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Realities of life in BSF and Military

How does India treat its soldiers and armed forces in various military organizations? Soldiers, who lay down their dear lives for security of nation? The internal details of their upkeep and maintenance are rarely revealed by soldiers at the lowest ranks. There are serious concerns about the systems of military justice but this is seldom paid attention to. While delayed justice in the country s crawling judicial system is routine, delays for the soldiers can be fatal when it manifests itself in suicide and fratricide. There are various reasons for suicide and fratricide amongst paramilitary forces like personal/domestic problems, illness, financial crisis of concerned individual, marital affairs, mental stress, and alcoholic dependence.

Napoleon Bonaparte famously said, “An army marches on its stomach”. This quote has been recently bought to light by a constable in Border Security Force (BSF) through his videos about half-burnt parathas and tasteless dal.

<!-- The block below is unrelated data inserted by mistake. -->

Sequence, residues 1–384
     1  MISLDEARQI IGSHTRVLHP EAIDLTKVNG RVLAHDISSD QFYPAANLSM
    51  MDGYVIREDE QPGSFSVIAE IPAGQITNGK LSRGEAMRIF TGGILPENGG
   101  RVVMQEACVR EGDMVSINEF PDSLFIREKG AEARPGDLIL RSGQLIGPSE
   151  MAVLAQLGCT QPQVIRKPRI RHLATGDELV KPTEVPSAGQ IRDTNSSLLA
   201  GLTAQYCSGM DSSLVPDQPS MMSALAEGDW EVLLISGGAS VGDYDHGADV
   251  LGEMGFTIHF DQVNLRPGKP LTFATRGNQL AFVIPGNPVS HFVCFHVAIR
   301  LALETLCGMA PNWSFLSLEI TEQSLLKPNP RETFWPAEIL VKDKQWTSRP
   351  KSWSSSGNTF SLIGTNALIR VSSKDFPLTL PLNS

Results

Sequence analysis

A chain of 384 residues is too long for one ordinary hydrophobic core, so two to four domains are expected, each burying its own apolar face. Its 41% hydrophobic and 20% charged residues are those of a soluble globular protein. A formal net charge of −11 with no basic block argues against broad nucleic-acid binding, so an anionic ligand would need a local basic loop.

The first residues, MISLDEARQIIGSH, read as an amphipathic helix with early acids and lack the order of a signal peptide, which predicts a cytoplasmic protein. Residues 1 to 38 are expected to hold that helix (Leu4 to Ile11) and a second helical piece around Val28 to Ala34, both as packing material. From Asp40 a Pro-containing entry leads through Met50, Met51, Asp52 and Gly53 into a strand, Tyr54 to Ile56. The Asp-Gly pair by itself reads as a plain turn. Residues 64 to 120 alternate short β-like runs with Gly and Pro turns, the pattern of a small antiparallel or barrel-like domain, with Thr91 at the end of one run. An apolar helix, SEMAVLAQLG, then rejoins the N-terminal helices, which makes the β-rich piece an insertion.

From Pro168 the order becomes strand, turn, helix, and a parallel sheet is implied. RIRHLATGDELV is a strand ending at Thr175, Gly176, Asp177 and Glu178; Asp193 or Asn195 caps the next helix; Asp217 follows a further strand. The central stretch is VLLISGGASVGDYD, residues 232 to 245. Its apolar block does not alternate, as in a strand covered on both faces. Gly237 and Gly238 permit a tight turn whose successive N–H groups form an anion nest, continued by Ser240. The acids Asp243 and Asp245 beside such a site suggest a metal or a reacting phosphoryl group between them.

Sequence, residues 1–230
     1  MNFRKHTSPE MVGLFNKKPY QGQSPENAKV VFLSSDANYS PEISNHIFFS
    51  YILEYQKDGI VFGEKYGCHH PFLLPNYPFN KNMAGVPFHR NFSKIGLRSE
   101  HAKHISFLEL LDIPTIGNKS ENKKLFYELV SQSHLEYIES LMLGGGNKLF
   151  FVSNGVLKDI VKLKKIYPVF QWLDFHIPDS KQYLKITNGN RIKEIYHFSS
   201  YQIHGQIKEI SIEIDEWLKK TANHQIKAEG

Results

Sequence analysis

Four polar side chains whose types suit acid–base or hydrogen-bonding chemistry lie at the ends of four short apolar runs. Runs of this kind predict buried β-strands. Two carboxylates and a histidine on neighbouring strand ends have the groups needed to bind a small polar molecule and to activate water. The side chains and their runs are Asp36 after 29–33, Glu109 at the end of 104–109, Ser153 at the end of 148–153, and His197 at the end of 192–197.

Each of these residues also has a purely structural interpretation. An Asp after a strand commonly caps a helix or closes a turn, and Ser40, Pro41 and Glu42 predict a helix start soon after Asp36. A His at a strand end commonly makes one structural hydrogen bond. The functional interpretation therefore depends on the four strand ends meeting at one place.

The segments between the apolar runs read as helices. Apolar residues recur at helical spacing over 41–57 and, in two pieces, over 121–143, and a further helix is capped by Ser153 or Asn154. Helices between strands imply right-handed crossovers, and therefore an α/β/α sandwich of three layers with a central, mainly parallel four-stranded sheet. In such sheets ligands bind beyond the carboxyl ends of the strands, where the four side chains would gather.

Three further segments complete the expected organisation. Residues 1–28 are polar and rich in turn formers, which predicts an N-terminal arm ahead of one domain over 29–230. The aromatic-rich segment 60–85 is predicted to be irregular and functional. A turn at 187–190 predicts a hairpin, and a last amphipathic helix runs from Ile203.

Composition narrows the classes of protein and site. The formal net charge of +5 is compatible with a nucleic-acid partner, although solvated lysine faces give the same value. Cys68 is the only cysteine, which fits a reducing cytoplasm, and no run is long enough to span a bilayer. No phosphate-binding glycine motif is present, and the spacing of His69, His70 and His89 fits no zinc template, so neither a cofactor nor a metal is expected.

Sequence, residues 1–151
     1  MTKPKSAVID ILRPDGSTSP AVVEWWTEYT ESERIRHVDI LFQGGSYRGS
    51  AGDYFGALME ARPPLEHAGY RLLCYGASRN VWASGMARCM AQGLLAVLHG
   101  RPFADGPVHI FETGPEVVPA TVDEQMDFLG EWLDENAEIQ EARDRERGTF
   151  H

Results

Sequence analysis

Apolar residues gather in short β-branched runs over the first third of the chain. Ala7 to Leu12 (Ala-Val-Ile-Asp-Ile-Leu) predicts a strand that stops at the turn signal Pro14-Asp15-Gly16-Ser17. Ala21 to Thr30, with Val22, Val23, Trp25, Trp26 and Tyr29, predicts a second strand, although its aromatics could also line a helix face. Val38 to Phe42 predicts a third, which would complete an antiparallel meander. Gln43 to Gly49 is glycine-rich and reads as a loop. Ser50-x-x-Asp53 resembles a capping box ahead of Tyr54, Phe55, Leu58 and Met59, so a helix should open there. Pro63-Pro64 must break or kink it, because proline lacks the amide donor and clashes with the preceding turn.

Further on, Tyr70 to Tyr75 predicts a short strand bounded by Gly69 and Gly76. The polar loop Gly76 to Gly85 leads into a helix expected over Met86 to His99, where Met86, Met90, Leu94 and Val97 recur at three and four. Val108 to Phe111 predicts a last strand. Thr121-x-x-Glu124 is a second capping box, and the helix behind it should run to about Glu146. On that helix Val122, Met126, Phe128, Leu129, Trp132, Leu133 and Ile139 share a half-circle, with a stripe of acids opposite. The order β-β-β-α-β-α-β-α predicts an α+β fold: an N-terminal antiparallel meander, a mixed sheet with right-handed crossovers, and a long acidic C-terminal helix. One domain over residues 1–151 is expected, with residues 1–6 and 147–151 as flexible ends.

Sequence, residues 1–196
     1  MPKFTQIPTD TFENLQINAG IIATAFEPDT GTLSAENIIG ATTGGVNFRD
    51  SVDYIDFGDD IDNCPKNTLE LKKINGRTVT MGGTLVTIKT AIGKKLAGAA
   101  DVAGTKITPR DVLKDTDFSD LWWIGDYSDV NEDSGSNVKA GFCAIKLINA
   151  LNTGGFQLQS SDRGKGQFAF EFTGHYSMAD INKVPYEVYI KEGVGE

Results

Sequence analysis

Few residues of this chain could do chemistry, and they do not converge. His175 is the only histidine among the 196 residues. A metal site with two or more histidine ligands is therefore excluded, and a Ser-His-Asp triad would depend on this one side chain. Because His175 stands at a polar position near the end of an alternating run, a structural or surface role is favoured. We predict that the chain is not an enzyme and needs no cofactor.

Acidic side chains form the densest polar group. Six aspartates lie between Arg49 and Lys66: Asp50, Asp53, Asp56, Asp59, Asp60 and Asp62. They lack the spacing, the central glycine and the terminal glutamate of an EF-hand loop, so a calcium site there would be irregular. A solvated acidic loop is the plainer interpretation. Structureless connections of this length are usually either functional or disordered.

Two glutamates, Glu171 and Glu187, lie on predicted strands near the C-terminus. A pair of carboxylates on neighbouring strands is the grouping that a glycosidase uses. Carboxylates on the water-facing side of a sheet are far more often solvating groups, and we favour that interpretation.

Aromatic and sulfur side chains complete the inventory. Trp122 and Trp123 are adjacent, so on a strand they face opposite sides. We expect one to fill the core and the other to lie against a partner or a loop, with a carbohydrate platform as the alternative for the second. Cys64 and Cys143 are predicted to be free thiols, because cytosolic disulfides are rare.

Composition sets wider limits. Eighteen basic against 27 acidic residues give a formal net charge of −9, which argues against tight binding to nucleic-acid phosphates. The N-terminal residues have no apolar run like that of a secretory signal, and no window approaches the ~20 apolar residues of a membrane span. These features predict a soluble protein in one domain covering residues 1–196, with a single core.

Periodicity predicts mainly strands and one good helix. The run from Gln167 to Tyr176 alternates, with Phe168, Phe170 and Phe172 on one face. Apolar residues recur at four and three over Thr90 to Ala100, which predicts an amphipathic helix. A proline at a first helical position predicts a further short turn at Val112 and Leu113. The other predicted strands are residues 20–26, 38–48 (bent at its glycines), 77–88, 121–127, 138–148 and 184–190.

The BSF s woes extend to larger issues than just food. There are wide discrepancies between the Army and the BSF in terms of pay, deployments to forward areas, service conditions, and grievance redress mechanisms.

Currently, there are seven paramilitary forces in existence. 25 years after scathing remarks made by the Supreme Court about the military justice system in Lt. Col. Prithi Pal Singh Bedi v. Union of India (1982) about lack of proper judicial scrutiny. Article 33 of the Constitution severely restricts the fundamental rights of armed forces personnel. In court martial proceedings, no process of appeal other than statutory petitions and time-consuming writ petitions.

Presently, the Home Ministry is in damage control mode in the BSF constable s case. It is important for the ministry to take steps not to shoot the messenger but prevent messengers from shooting themselves.

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